Next month I’m defending my dissertation. I went from one extreme to the other. I knew I had to do something for the system.”—Brandee Izquierdo
Once I got out of treatment and cleaned up the wreckage of my past, I knew I wanted to help other people. From there, I was told about this thing called peer support. I had felonies so I thought my life was over and I would never get a job. I didn’t want other people to go through what I’d gone through. I continued to refine my craft in recovery support services, but I also knew there were gaps in the system, and I got hooked on policy. It’s important to recognize the issue but also to implement solutions.
I went back to school, and next month I’m defending my dissertation. I went from one extreme to the other. I knew I had to do something for the system. When I left the jail cell and was hearing the ladies’ stories, I said, “I’m coming back for you. I don’t know how or when, but I’m coming back for you.” I’m trying to change infrastructures in behavioral health and criminal justice.
Q: What type of work is SAFE Project doing?
A: We work to create programs that are initiative-conducive so we can meet stakeholders where they are and move them toward their end goal. We have SAFE Workplaces [for employers and employees] that don’t believe they have a problem. We wouldn’t just walk away from that. We would create a softer approach for them and get them started. It might be with our No Shame pledge. It’s very simple, but at least it opens the door and starts conversation. Then we can move them into our other programs. If you’re a construction organization, do you have naloxone in your safety kits?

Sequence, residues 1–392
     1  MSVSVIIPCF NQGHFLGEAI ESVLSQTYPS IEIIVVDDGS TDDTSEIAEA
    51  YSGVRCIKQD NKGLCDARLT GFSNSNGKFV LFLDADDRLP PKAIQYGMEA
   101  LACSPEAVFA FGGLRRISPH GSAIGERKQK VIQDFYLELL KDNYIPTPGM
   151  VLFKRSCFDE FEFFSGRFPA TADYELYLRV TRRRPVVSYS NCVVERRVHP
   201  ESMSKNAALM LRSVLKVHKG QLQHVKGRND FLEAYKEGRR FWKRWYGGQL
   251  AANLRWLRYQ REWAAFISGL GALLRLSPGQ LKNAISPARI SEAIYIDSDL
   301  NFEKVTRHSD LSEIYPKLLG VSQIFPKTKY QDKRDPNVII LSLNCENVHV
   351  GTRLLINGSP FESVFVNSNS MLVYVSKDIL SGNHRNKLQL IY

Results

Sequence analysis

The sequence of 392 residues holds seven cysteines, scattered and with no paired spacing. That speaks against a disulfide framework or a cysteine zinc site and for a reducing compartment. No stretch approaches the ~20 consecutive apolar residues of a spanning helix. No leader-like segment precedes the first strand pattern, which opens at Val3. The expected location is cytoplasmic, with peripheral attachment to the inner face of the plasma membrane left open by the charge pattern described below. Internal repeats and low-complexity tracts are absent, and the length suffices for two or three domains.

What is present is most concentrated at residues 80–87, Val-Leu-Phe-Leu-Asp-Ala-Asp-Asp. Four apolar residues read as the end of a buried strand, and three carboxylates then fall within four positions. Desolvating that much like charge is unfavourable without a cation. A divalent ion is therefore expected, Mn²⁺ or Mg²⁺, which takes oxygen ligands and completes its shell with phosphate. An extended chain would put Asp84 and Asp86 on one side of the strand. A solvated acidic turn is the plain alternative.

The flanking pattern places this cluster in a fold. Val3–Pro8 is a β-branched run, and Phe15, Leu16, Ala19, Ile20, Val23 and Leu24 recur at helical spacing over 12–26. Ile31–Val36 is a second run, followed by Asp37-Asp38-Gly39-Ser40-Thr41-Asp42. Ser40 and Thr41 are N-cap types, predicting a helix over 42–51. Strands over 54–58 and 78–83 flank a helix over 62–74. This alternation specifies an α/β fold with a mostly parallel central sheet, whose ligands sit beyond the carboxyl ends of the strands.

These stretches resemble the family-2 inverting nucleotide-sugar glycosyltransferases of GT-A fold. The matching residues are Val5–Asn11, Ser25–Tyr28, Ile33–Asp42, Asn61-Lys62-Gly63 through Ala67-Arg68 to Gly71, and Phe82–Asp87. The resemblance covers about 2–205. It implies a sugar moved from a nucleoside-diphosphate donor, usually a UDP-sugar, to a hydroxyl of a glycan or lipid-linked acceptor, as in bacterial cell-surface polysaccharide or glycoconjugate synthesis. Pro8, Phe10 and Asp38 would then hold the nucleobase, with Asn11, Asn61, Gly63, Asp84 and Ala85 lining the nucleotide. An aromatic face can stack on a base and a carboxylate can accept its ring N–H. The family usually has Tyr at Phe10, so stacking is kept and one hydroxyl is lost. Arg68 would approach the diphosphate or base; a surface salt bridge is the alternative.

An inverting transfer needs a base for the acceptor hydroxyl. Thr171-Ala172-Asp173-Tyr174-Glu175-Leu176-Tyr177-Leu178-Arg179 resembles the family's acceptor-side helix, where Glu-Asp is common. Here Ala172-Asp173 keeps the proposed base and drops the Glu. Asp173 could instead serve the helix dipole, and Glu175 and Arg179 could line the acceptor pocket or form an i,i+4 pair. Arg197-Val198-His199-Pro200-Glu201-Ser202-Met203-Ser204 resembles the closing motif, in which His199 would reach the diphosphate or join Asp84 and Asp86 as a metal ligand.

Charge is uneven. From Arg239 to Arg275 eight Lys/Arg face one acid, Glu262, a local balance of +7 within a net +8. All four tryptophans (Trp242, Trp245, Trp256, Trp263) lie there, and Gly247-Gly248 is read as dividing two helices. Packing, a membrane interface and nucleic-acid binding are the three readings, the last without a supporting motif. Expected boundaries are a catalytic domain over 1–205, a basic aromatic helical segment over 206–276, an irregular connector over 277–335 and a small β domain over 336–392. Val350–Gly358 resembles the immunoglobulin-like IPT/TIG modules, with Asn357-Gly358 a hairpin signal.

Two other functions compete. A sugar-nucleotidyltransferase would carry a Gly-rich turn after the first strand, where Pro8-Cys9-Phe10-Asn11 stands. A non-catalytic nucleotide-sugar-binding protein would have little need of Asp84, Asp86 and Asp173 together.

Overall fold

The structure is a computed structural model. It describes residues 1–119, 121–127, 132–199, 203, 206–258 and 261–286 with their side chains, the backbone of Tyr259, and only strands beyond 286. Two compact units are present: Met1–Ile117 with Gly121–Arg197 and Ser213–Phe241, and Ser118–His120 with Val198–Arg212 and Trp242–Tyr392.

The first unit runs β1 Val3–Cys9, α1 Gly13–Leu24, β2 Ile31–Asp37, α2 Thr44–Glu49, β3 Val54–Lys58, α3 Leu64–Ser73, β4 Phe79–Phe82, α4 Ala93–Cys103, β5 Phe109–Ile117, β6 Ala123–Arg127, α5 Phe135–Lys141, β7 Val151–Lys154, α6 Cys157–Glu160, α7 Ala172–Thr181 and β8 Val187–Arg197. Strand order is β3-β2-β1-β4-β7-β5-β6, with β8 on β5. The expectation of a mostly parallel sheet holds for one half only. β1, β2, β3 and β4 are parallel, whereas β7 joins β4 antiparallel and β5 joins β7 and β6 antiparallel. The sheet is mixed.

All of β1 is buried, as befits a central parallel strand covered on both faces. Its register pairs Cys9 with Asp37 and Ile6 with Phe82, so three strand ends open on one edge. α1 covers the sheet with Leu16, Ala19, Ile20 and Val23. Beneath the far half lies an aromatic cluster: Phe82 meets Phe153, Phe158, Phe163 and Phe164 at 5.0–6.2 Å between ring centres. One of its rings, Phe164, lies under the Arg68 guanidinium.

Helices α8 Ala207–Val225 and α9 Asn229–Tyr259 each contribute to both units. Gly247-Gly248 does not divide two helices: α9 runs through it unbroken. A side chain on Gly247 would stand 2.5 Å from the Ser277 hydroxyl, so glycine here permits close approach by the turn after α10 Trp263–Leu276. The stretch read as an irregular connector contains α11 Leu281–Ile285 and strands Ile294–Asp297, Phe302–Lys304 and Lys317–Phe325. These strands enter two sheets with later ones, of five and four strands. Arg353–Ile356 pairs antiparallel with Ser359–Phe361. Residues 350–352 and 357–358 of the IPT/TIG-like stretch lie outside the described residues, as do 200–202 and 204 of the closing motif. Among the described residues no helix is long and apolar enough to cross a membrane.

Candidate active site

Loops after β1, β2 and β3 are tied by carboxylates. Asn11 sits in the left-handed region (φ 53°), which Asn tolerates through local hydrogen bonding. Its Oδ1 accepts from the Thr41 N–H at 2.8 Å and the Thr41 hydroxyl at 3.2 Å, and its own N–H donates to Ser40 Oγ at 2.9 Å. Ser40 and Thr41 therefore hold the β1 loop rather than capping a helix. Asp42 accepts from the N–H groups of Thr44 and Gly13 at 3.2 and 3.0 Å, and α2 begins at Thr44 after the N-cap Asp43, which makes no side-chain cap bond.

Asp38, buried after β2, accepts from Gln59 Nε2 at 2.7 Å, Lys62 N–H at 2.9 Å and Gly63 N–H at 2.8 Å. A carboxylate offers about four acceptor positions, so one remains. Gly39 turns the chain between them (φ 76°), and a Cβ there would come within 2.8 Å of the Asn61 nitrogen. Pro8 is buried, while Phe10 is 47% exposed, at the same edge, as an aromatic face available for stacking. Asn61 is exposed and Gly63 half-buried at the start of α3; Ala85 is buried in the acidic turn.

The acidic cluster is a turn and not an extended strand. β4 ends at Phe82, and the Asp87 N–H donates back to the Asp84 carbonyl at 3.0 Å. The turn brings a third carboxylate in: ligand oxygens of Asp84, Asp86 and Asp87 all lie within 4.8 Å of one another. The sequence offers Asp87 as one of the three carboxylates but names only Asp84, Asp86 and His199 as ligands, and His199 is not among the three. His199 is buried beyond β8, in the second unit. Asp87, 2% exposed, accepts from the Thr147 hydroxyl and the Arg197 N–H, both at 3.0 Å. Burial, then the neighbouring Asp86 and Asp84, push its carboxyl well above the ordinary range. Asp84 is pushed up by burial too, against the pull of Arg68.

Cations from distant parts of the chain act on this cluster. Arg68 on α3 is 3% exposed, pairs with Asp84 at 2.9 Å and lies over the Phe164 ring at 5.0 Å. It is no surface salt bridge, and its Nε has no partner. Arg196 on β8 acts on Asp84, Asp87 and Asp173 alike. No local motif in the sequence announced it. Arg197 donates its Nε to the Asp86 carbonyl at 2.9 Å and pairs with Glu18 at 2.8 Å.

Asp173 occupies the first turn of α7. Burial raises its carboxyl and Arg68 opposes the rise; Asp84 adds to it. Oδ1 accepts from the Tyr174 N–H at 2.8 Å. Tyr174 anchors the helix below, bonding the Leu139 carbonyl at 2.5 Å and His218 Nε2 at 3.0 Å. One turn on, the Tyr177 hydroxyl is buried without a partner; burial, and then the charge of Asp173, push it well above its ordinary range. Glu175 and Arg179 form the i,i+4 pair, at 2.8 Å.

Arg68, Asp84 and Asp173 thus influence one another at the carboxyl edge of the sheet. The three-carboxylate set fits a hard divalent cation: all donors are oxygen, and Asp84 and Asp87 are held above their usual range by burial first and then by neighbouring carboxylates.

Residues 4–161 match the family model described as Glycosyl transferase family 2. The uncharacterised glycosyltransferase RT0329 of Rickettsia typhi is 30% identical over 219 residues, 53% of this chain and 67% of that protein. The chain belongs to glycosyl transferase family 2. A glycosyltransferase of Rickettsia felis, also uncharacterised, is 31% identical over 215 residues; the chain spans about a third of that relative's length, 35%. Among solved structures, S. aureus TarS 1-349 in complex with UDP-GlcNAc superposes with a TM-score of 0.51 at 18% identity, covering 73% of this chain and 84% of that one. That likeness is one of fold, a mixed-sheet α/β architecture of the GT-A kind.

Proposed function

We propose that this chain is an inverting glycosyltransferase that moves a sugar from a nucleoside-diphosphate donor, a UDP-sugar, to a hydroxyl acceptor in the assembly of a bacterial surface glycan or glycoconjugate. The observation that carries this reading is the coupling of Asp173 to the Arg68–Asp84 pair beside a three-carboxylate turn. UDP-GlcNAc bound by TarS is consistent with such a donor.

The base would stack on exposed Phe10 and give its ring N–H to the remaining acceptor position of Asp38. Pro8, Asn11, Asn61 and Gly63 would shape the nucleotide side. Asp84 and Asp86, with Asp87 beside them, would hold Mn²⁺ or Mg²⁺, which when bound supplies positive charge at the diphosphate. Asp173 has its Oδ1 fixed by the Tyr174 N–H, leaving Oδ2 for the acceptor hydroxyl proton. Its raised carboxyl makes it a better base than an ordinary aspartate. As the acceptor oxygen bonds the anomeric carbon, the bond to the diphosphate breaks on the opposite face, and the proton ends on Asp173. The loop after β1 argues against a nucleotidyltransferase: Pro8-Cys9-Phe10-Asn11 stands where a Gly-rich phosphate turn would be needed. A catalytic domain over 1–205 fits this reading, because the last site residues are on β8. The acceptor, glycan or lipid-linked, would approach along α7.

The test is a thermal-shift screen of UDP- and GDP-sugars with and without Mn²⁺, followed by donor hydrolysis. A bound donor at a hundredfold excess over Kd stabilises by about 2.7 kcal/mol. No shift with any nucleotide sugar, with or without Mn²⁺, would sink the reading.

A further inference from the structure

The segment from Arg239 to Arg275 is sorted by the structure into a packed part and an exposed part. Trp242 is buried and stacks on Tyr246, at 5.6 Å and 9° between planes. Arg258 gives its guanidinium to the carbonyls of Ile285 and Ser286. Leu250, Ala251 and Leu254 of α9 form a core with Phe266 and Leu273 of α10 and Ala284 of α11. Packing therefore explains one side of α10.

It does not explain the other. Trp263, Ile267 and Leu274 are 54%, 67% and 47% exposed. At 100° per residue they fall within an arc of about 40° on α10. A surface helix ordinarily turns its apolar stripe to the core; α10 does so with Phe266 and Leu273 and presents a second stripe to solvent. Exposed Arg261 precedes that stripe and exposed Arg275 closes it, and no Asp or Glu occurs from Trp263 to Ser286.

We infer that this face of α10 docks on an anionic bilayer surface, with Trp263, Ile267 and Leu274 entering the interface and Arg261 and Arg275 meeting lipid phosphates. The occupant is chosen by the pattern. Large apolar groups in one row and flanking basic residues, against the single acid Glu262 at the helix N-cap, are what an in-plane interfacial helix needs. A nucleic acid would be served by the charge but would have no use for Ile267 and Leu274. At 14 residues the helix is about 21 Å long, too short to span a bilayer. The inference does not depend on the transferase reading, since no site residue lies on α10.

We customize programs. How I talk to SAFE Communities is going to be different than how I would talk to a SAFE Campuses administrator or a SAFE Veteran. With our SAFE Campuses initiative, we reach out to campuses and provide resources and educational assistance. We help them develop programs for collegiate recovery on campus. It depends on the community or the individual and what they need.
Q: How would you define SAFE Project’s mission?
A: Our overarching mission is to save a life every day. The reality is that how we save a life every day is going to be different. That was the reason SAFE Project was created. We can do things that perhaps other organizations can’t do because they’re bound to their missions. I say the broader the base, the higher the point of freedom. We have more opportunity to help people.
I definitely think we’re accomplishing [the mission] either directly or indirectly. It’s six degrees of separation in this recovery world. If I can impact one person, I can impact six more. Sometimes it’s exhausting because I live and breathe this every day. Some days it’s rainbows and sunshine; other days it’s a roller coaster, and I put my hands up and enjoy the ride.
Q: Why is it so important to dispose of unused prescription medications?